But, a quick thought on missionary work! My companion is a little bit old in missionary years. You can count down the number of weeks that she has left on your two hands, and it is basically the most heartbreaking thing ever. And mostly we just don't talk about it. But, when you hit a point on your mission when you have less transfers left than you have already completed...or when your companion has hardly any weeks just start thinking about where you want to be and what you have already done. In reflecting on this, I remembered a quote...from went like this: "You won't be a missionary forever, but you can always pray the way you did when you were a missionary." 

I can't count the number of times on my mission (or in my life) that I have been promised that my Heavenly Father hears and answers my prayers. That He really loves me, and that He is aware of me. I also can't count the number of times before my mission where I said a quick prayer before bed that had about zero heart in it so that I could say a prayer before I fell into bed exhausted. (I know - missionary confessions :) ) But, on my mission I have REALLY learned how to pray. My prayers have become a revelatory time, a real conversation between me and my Heavenly Father. I don't get to devote all 24 hours of every single day for the rest of my life to missionary work...that just isn't how life is supposed to be. But, I can always pray the way that I do now. Anyone can pray the way a missionary prays. Anyone can give thanks to God for their blessings, plead with Heavenly Father for the help that they need, pour out their heart and soul in prayer...and then listen as heavenly direction is delivered in the form of guidance, quiet thought and feelings that enter our hearts or promptings that come throughout our days. Our Heavenly Father speaks to us, I have an undying testimony of that.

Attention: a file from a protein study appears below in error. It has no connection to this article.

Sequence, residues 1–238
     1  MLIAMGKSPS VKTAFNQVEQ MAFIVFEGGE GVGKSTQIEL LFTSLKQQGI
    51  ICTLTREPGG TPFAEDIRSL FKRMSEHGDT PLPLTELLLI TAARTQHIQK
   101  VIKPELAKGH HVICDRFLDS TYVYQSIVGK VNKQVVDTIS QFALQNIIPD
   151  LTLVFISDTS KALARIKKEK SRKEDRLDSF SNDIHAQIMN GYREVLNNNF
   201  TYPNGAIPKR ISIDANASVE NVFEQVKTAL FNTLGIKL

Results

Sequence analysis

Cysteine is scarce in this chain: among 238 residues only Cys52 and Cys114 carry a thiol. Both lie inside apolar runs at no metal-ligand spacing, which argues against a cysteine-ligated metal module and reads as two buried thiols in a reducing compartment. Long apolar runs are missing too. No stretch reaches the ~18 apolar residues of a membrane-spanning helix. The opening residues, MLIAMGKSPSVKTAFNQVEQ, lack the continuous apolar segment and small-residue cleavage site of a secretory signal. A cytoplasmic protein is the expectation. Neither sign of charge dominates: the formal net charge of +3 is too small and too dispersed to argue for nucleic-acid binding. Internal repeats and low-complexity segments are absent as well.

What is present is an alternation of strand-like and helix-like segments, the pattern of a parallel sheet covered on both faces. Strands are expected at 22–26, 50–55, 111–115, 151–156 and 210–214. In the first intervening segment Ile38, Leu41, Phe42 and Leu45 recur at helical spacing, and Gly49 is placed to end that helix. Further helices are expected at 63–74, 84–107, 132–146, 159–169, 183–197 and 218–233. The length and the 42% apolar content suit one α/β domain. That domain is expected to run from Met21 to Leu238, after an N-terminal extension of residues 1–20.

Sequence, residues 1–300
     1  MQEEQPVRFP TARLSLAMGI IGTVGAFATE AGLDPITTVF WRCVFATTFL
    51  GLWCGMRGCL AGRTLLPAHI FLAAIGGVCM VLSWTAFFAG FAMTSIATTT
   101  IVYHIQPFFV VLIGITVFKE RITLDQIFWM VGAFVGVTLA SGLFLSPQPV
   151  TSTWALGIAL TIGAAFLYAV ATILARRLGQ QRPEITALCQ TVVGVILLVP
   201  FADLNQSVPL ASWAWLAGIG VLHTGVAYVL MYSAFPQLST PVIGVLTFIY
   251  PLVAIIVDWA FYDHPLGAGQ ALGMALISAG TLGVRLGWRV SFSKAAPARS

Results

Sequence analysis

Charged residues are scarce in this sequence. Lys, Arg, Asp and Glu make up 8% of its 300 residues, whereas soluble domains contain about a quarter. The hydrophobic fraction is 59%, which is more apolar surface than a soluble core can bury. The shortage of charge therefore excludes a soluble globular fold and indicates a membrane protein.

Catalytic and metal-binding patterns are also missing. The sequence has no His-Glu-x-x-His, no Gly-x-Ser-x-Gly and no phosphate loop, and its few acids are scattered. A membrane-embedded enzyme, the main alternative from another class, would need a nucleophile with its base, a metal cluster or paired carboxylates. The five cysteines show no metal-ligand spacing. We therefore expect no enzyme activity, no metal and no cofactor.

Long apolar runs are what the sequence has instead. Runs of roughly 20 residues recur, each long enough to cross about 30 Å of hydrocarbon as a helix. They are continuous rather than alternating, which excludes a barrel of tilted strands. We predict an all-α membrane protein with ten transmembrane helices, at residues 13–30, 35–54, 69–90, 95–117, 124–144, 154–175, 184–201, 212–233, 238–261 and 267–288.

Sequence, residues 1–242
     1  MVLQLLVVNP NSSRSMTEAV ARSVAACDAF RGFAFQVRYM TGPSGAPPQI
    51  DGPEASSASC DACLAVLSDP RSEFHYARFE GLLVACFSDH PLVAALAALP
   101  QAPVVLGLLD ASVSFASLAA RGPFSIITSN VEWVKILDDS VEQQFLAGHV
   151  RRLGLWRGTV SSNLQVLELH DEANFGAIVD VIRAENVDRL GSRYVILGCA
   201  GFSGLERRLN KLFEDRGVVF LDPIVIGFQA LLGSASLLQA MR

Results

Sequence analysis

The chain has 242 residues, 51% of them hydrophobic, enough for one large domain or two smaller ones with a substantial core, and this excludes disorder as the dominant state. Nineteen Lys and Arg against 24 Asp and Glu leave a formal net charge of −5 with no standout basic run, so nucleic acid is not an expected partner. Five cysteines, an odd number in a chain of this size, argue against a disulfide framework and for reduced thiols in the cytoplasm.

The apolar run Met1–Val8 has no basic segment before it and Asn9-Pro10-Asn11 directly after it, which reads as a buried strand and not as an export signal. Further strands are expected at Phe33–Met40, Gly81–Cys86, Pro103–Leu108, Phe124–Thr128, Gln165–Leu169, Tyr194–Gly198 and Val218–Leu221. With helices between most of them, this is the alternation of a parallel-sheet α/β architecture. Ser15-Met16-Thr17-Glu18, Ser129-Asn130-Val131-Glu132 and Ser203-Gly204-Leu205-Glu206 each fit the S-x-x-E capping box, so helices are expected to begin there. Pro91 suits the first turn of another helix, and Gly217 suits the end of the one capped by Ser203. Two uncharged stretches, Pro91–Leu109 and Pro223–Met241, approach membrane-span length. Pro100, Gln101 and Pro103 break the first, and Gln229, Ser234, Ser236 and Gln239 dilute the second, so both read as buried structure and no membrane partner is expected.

A few weeks ago our zone leaders did a presentation for the Takamatsu District. In the presentation they posed the question: "What if you couldn't pray? What if you didn't know that you had a loving Father in Heaven?" What if you didn't know? 

And that in a few words summed up why I am here.

What if I didn't know? 

I know why I am here, and I know who called me here. I know whose work this is. I know who it is that I represent. It is all because of my Lord and Savior, Jesus Christ. 

And because I know. I am here.


I love you all! And always pour out your hear to the Lord. Miracles will happen beyond what you could ever imagine!